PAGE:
Pei, G (reprint author), Chinese Acad Sci, Shanghai Inst Biol Sci, Inst Biochem & Cell Biol, Mol Cell Biol Lab, 320 Yue Yang Rd, Shanghai 200031, Peoples R China,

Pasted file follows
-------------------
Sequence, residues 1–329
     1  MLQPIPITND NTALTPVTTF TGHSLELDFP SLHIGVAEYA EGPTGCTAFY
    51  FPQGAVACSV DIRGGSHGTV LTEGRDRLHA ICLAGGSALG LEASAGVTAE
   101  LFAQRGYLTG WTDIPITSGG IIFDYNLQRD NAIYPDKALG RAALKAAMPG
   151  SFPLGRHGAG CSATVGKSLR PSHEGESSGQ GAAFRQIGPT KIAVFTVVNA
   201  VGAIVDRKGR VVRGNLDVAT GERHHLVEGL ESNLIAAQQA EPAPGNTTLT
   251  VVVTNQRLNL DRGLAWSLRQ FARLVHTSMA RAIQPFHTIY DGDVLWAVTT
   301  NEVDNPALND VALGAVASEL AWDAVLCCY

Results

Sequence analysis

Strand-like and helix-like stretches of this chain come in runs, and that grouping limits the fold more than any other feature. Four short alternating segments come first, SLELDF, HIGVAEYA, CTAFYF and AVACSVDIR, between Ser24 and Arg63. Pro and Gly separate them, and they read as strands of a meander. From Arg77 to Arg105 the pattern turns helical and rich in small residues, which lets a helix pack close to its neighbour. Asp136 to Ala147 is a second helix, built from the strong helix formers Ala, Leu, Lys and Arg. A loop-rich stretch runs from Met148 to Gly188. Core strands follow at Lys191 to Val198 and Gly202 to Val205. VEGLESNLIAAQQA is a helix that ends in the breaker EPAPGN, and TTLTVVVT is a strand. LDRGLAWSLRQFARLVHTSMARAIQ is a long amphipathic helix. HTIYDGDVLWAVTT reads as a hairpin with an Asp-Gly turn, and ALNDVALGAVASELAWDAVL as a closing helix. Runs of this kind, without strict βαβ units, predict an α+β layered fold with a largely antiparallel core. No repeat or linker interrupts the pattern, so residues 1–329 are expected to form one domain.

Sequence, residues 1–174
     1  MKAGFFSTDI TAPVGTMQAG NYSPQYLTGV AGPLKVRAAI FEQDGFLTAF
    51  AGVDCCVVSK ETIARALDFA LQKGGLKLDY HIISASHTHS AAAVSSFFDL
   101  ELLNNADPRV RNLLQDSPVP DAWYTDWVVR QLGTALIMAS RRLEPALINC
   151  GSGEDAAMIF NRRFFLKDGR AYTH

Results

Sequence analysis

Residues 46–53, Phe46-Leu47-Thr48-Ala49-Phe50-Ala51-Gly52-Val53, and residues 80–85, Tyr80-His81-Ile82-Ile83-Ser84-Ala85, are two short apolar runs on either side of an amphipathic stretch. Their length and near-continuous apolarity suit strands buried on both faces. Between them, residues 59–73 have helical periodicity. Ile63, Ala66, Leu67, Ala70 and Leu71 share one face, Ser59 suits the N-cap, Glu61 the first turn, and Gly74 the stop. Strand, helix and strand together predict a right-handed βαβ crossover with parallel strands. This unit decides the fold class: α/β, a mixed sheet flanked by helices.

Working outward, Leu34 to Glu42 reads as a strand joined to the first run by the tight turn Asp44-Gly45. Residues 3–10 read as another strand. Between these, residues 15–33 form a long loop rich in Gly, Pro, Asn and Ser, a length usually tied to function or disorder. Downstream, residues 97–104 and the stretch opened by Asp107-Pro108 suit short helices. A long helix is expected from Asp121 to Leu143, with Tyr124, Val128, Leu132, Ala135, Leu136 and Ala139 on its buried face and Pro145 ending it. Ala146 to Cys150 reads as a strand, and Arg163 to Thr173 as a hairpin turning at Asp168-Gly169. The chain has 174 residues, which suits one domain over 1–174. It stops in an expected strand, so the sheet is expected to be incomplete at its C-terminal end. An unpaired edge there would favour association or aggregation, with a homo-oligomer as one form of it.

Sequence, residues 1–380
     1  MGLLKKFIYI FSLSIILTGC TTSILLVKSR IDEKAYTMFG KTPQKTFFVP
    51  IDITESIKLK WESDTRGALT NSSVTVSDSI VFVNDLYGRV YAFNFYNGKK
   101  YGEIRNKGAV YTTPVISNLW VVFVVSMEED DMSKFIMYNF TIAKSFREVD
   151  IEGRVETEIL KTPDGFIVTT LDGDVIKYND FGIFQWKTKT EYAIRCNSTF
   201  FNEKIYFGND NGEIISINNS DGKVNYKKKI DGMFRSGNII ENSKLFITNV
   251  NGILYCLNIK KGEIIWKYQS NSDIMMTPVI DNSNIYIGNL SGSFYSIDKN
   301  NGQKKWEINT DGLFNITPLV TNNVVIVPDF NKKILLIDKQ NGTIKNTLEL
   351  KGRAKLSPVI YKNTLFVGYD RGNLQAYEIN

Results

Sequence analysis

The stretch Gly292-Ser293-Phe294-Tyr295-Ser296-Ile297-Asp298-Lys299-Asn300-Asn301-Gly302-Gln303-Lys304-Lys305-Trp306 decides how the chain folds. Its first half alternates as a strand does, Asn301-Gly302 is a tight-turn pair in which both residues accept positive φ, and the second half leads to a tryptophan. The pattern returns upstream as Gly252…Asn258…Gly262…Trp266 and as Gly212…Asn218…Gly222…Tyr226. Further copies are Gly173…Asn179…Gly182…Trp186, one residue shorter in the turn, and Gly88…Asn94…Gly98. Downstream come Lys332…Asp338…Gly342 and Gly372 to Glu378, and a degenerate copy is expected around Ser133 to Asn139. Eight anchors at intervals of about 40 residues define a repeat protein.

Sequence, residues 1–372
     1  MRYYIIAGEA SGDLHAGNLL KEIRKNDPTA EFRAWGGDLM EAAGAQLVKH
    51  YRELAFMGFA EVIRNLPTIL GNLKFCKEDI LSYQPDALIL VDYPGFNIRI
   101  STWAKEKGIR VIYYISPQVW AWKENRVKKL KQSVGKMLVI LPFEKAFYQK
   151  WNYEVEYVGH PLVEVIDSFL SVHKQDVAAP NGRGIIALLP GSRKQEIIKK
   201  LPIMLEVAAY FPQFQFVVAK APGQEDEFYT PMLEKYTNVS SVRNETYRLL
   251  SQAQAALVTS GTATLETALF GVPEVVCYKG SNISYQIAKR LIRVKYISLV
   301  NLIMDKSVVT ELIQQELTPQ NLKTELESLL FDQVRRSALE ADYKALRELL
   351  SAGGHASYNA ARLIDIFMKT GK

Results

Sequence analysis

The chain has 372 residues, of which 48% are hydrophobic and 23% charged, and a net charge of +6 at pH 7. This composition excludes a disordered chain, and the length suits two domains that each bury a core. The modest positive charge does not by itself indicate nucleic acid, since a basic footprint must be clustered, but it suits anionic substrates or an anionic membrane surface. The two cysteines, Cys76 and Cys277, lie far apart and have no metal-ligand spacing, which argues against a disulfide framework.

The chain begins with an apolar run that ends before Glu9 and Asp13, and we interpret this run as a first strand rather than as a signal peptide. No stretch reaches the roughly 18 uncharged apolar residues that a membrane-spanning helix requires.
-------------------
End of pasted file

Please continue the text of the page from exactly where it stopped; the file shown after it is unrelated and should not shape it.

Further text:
Opiate abuse causes adaptive changes in several processes of synaptic transmission in which the glutamatergic system appears a critical element involved in opiate tolerance and dependence, but the underlying mechanisms remain unclear. In the present study, we found that glutamate uptake in hippocampal synaptosomes was significantly increased ( by 70% in chronic morphine-treated rats) during the morphine withdrawal period, likely attributable to an increase in the number of functional glutamate transporters. Immunoblot analysis showed that expression of GLT1 ( glutamate transporter subtype 1) was identified to be upregulated in synaptosomes but not in total tissues, suggesting a redistribution of glutamate transporter expression. Moreover, the increase in glutamate uptake was reproduced in cultured neurons during morphine withdrawal, and the increase of uptake in neurons could be blocked by dihydrokainate, a specific inhibitor of GLT1. Cell surface biotinylation and immunoblot analysis showed that morphine withdrawal produced an increase in GLT1 expression rather than EAAC1 ( excitatory amino acids carrier 1), a neuronal subtype, at the cultured neuronal cell surface, whereas no significant change was observed in that of cultured astrocytes. Electron microscopy also revealed that GLT1 expression was markedly increased in the nerve terminals of hippocampus and associated with the plasma membrane in vivo. These results suggest that GLT1 in hippocampal neurons can be induced to translocate to the nerve terminals and express on the cell surface during morphine withdrawal. The translocation of GLT1 at synapses during morphine withdrawal provides a neuronal mechanism for modulation of excitatory neurotransmission during opiate abuse.